STDs present a real threat to sexually-active individuals. This lesson plan explores a specific syphilis outbreak investigated in the FRONTLINE video and Web site "The Lost Children of Rockdale County" and directs students to research the disease and create their own informational pamphlets.
Estimated Time: 1-3 class periods (block scheduling)
Correlation to National Health Standards:
Health Education Standard 1:
Health Education Standard 2:
Health Education Standard 3:
1. Introduce the topic by posing a question such as: "You are all aware that sexual activity can result in pregnancy, but what are some of the other risks involved with sexual activity?" OR "What are some of the risks involved with sexual activity?" After a brief discussion of their responses (which should include mention of STDs--prompted if necessary) introduce the teenagers in Rockdale County who participated in risky behaviors. Show video segment (00:00 to 09:15.. Have students take notes or write responses to the following questions:
2. After the video segment, discuss the answers or notes about the incident in Conyers. Ask the students how much they know about syphilis. Remind them that Nicole mentioned reading the pamphlets afterward and ask what kind of information should be included in a pamphlet. Write the responses on the board or overhead as they are given.
3. Tell the class that they will be designing pamphlets to help teenagers (such as those in Rockdale County) to learn about syphilis. You may want to include other STDs as possible research topics as well, and assign students to a particular disease. As a class, design a scoring guide for the finished pamphlets, including the responses to the question stated above about what kind of information should be included in a pamphlet. Things that should be included are:
Be certain that students realize the design of their pamphlet is important, too. They should keep in mind who their audience is--teenagers--and try to make the pamphlets appealing and interesting to teens. Include an assessment of "teen-appeal" in your scoring guide.
It would be a good idea to have an assortment of various pamphlets (health related, preferably) available so that students will have some ideas to work from. You may want to have the students bring in pamphlets of their own, perhaps from local agencies. They could be asked to identify where they found the pamphlets and to evaluate the usefulness of their pamphlets.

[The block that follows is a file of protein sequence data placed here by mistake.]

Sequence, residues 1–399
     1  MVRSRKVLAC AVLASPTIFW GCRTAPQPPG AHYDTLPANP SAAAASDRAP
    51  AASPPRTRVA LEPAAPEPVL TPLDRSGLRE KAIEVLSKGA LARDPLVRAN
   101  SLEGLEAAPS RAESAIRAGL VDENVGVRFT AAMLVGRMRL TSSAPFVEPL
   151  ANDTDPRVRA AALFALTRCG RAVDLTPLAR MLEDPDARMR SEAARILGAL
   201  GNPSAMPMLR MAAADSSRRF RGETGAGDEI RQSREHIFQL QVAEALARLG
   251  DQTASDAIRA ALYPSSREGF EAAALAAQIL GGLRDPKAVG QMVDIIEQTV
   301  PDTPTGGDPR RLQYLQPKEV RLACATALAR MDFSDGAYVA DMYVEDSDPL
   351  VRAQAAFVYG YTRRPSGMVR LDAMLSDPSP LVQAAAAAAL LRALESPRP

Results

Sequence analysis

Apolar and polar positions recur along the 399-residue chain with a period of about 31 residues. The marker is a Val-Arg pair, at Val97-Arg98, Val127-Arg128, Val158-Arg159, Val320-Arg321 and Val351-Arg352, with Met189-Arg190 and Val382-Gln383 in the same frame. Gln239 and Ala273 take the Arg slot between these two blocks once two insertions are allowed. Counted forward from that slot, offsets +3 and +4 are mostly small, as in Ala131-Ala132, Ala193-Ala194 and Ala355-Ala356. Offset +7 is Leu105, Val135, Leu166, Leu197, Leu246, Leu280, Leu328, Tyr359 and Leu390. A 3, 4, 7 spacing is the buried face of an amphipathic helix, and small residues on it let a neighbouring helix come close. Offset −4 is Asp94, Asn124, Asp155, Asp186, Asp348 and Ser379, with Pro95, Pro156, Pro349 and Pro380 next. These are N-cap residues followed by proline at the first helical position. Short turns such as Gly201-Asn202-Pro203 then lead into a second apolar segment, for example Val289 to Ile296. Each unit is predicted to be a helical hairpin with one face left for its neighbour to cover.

If the students have access to Microsoft Word, they can use that software to design their pamphlets. Some guidelines to using it can be found at:
Allow the students research time, either in class or on their own. Encyclopedias and medical references would be a good place to start, but have them include some Internet reference as well:
Be sure to direct students to these links from FRONTLINE's "Lost Children" Web site:
Other references that will help in their research include the following:
Allow students time to create their pamphlets. Collect and display them. Ask students to evaluate their peers based on the scoring guides you create.
1. Have students review the segment of the video, especially from 08:03 to 09:15. Ask them to write a paragraph, based on their new knowledge of syphilis and/or other STDs, describing their reaction to the lack of concern the teens in Conyers seemed to display regarding the syphilis outbreak.
2. Write a list of questions or a letter to one of the teens in the video.
3. Post their own ideas or thoughts on the FRONTLINE Web site at http://www.pbs.org/wgbh/pages/frontline/shows/georgia/talk/
4. Create and implement an anonymous poll to test local teens' knowledge of STDs.